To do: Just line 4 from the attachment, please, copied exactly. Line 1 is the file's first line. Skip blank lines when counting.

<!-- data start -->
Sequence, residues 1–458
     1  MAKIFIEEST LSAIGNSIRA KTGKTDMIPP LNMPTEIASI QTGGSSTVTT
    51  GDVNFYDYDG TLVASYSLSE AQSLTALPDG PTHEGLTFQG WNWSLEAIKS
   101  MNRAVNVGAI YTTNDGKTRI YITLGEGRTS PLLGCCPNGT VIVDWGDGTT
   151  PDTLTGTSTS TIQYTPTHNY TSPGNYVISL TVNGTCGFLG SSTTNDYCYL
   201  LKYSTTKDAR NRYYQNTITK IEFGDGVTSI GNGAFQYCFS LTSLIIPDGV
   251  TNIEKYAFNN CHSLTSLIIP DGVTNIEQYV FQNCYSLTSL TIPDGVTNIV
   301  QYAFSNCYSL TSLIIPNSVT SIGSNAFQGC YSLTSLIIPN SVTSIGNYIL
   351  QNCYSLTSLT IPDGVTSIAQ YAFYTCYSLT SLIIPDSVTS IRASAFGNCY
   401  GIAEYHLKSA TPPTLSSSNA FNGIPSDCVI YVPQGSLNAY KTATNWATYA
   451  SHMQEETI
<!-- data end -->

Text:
   101  MNRAVNVGAI YTTNDGKTRI YITLGEGRTS PLLGCCPNGT VIVDWGDGTT